Los Angeles showed the greatest number of completely disengaged alumni, with 53 percent saying they had attended no Jewish programs since Israel. San Francisco had higher numbers of alumni taking part in one to four activities – 43 percent and 10 percent, respectively – but just 1 percent who said they attended five or more.
Both California cities are hampered by a lack of good programs, say the report’s authors. Those that exist, particularly “Friday Night Live in L.A.” and the “Bay Area Tribe” and “Late Shabbat” in San Francisco, are high profile and do draw crowds.
The alumni surveyed in all four cities said they would like to be more involved than they were in Jewish life. Most preferred small gatherings to large, anonymous “meat market” Jewish events.
“They’re happy to eat free food and drink free beer at those big events, but they don’t feel it meets their needs to find Jewish community,” Chertok reports.
Respondents also said they were interested in learning more about Judaism and Jewish culture and history, including Hebrew, but were wary of outreach groups with a perceived “religious” agenda. They also wanted a network of friends to share those experiences as a way of re-creating the camaraderie they felt on their Israel trips.
“Birthright shows people that being part of a group, a Jewish group, is a meaningful experience,” report co-author Leonard Saxe says. “They come back hungry for that, and most communities don’t provide them with a set of those experiences.”
Birthright NEXT, which has chapters in New York and, as of last year, San Francisco, is taking those tips to heart, Brenner says.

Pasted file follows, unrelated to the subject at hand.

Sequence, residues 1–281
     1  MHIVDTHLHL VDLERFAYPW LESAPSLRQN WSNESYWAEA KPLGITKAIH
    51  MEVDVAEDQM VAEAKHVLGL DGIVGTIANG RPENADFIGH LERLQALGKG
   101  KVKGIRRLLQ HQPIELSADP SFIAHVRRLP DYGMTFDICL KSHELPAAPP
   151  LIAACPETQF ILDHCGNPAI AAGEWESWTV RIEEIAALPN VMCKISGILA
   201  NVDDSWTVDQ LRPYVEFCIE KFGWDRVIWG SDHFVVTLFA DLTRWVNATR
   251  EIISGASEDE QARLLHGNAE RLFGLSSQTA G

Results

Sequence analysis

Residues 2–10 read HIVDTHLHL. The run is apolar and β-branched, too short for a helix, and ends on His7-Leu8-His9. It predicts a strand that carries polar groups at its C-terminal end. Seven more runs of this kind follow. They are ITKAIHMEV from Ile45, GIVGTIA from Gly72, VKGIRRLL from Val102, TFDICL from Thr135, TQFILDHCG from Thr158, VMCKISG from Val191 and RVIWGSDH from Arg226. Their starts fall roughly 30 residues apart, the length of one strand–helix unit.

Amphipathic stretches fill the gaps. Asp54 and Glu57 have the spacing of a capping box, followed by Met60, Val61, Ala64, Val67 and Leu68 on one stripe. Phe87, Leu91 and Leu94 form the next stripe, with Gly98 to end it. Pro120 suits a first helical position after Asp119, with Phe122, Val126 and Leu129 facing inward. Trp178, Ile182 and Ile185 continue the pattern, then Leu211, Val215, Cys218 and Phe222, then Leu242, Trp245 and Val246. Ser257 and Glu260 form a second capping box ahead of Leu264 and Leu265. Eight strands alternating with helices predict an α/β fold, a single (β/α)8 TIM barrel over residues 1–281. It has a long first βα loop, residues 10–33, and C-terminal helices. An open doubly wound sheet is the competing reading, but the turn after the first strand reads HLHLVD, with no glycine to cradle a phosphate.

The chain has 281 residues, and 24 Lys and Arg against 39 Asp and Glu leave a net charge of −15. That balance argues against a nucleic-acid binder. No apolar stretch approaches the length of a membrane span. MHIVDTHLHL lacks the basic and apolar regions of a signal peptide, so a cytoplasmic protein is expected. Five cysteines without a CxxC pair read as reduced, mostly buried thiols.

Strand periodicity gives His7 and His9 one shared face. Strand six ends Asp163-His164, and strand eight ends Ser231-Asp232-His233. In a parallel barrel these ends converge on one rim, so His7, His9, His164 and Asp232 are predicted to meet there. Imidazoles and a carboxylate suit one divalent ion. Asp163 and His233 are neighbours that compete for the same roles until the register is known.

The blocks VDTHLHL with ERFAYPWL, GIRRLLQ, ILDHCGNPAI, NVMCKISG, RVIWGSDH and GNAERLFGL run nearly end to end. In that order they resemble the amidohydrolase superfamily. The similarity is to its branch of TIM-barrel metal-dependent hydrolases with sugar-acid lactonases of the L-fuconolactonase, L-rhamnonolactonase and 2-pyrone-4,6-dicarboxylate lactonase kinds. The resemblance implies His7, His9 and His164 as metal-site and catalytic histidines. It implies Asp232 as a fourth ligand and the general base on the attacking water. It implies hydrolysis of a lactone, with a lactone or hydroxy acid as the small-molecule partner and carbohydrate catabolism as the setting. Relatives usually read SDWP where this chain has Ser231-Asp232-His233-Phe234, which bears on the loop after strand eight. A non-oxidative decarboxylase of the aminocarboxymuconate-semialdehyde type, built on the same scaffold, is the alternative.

Last fall, the organization launched NEXT Shabbat, which encourages Birthright alumni to host Shabbat meals in their homes. It’s a peer-driven project, Brenner says: Invitees RSVP online, Birthright NEXT provides resources and recipes on its Web site, and it picks up the tab after hosts submit feedback, which often includes posting photos.
So far, Brenner reports, 2,000 such Shabbat dinners have been held in the past six months. The average age of participants is 25, and 65 percent of the hosts said they had never invited people to a Shabbat meal before. In 2009, Brenner projects 70,000 young participants.
“We need to make drastic changes in New York,” he acknowledges. “There are so many alumni here, and just 5 percent say they participate ‘a lot.’ ”
NEXT Shabbat seems to appeal to New Yorkers, he says: About 28 percent of Birthright participants come from the New York area, which also provides about 28 percent of those taking part in NEXT Shabbat meals.
Brenner points out that many young Jews sign up for Birthright just because it’s a free trip.
“They have no intention of doing anything afterwards,” he says. “But if we can meet their real needs, I have no doubt we can help the majority build Jewish community.”
[Hat Tip: Dr. Rofe-Filosof.]